Throwback Thursdays: 1776 The Musical

It’s almost the Fourth of July, and for those of us here in the United States, we’ll soon be celebrating our nation’s founding. For me, that often meant watching 1776 with my parents, and I have to say that I adored this musical. The film version of the musical 1776 came out in 1972, and the musical itself came out in 1969. It follows John Adams as he tries to get a difficult, cantankerous, and often divided Congress to agree on American independence.

However, if you are a Hamilton fan, this musical might be a disappointment for you. This movie is very white and almost entirely male, with the exception of two female cast members, only one of whom plays a significant role. Regretfully, while there are some great moments in this musical, as far as representation goes, it definitely falls short.

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La La Land, Racism, and the Real History of Jazz

(image via Variety)

Hollywood loves few things more than it loves itself. I grew up watching old musicals with my mom, and many of them were super meta: musicals about actors putting on a show. Judy Garland and Mickey Rooney headlined a whole host of these films, enshrining the “Show within a Show” trope. My dad put it well, when I auditioned for a play in middle school: “Just don’t think you can solve the world’s problems by putting on a show.”

La La Land may not be trying to solve the world’s problems, but it’s certainly trying to save a few people. It won a stupid number of Oscars and was mistakenly announced as this year’s Best Picture (Moonlight actually received this year’s honor). But for all its adulation, La La Land is currently on the receiving end of accusations of racism. And those accusations are well-founded: as Refinery29 points out, one of the two main plots is about a white manic pixie dream boy saving real jazz from the silly Black sellouts. Ouch.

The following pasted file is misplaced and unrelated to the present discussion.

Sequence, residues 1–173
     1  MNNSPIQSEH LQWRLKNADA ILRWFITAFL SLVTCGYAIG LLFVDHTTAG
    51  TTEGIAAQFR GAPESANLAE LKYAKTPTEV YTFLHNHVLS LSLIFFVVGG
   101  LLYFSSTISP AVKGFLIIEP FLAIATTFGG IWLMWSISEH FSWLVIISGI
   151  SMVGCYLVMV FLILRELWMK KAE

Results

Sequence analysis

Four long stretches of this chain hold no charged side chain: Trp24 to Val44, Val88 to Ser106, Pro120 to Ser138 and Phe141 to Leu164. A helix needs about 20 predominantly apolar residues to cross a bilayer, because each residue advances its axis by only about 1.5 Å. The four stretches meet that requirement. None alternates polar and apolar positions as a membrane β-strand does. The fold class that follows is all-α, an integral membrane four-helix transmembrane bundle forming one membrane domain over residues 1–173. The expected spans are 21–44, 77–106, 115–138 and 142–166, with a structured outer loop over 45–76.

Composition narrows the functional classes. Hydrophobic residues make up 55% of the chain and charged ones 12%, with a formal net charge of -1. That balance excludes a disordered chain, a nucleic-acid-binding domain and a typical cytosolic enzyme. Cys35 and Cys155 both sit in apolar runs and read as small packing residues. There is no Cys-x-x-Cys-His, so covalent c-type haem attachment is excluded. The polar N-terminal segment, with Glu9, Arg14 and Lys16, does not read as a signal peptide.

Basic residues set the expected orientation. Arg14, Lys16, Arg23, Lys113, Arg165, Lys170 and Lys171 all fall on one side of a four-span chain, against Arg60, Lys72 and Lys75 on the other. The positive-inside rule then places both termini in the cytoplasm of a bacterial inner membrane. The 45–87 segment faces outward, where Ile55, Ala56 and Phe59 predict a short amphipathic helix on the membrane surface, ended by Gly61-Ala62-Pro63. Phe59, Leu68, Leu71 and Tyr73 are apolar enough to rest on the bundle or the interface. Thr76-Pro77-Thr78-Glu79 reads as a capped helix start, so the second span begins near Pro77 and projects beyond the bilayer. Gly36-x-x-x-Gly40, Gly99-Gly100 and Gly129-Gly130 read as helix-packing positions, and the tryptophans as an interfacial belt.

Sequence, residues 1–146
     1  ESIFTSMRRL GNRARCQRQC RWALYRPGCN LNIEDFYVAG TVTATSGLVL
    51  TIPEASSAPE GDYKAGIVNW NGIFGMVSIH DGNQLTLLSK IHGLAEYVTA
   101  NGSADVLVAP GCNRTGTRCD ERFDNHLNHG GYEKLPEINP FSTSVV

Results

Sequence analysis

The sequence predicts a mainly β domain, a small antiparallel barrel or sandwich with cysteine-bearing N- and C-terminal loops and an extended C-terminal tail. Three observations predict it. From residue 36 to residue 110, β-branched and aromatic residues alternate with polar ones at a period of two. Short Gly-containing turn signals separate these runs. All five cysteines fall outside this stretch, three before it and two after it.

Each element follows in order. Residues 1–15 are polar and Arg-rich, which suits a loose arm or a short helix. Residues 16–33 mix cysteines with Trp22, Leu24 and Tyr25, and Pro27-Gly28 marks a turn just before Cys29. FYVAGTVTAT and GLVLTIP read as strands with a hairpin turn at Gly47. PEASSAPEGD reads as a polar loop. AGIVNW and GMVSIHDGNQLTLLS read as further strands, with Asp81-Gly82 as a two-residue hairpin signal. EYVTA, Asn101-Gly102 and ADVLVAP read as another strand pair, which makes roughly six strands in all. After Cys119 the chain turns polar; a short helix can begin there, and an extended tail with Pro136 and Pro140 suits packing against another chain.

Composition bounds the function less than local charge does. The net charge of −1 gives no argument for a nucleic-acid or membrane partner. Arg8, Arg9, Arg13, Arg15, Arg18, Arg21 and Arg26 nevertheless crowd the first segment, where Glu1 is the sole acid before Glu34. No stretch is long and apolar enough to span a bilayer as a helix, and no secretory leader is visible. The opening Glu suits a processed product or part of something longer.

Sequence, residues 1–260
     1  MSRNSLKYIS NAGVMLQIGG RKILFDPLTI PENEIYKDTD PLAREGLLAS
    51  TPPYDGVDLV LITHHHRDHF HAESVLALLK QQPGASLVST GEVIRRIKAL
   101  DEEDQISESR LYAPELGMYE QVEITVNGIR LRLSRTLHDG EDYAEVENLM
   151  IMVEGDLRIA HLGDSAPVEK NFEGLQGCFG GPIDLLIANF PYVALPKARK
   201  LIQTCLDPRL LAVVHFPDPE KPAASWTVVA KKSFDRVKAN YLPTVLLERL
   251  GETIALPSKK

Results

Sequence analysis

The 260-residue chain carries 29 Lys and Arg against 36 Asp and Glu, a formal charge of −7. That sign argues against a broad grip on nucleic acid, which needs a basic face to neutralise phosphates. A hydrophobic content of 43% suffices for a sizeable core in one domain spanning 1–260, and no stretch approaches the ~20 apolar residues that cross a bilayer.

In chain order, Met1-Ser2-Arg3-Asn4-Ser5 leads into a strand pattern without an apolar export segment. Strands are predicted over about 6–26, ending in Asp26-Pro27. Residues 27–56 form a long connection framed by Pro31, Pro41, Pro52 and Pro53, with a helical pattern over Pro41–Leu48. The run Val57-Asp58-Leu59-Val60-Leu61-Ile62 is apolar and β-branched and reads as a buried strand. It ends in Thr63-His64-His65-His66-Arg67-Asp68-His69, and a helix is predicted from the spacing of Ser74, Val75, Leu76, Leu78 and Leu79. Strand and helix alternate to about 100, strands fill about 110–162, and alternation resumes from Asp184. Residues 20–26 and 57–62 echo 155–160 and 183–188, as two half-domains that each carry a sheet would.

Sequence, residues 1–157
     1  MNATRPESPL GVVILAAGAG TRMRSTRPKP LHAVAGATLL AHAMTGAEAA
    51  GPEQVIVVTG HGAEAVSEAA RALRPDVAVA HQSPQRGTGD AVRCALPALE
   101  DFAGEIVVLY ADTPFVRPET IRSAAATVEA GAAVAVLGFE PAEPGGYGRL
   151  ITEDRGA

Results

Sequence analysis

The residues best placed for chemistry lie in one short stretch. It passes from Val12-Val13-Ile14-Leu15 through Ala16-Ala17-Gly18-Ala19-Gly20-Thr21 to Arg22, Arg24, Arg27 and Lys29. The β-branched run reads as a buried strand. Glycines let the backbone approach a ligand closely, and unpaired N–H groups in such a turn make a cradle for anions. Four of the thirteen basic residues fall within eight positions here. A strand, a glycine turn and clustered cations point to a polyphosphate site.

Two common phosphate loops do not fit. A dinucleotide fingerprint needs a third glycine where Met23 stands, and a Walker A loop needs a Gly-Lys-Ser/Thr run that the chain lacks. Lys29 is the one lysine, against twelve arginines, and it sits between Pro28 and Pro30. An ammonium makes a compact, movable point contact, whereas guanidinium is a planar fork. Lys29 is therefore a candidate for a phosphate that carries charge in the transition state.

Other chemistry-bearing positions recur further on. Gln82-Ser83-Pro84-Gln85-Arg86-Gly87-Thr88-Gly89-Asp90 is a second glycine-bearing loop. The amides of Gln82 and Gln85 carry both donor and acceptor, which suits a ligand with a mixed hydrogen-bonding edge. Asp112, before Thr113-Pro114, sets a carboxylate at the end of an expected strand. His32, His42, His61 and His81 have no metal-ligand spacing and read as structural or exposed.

Is La La Land actually racist? The truth is a bit more complicated.

Spoilers abound below the cut.

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#RelationshipGoals? Addressing Fictional Relationships that Should in No Way Be Goals

Harley&JokerSince Suicide Squad came out, I have seen a lot of pictures of Joker and Harley or just blog posts talking about them and occasionally I will see #RelationshipGoals on the posts. People are saying that they want a Joker to their Harley, and I’m not going to lie, that worries me a little bit. I don’t care what people ship necessarily or what they write fanfic about, but it very much worries me when fans look at a canonically clearly abusive relationship and claim that they want a relationship like that. These relationships almost always involve men with female victims, which makes it very disturbing to me as a woman that so many people view such relationships as romantic. It makes me worry for people’s safety and reminds me how much we need feminism.

Trigger warning for abusive behavior and relationships below the jump.

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Sexualized Saturdays: Oklahoma! A Sexist Classic!

I went on a musical binge recently and realized I clearly haven’t watched Oklahoma in a long time, because I didn’t realize how sexist the musical actually was until I watched it again as an adult. None of the women have any agency and the few that do are pretty well shamed for it. You could perhaps argue it’s a product of its time, but I hardly think that is an excuse. Just because some form of sexism was considered acceptable in its time doesn’t make it any less sexist.

Trigger warning for attempted rape after the jump.

Oklahoma!

Oklahoma!

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Oh, My Pop Culture Religion: Angel and the Queer God in Rent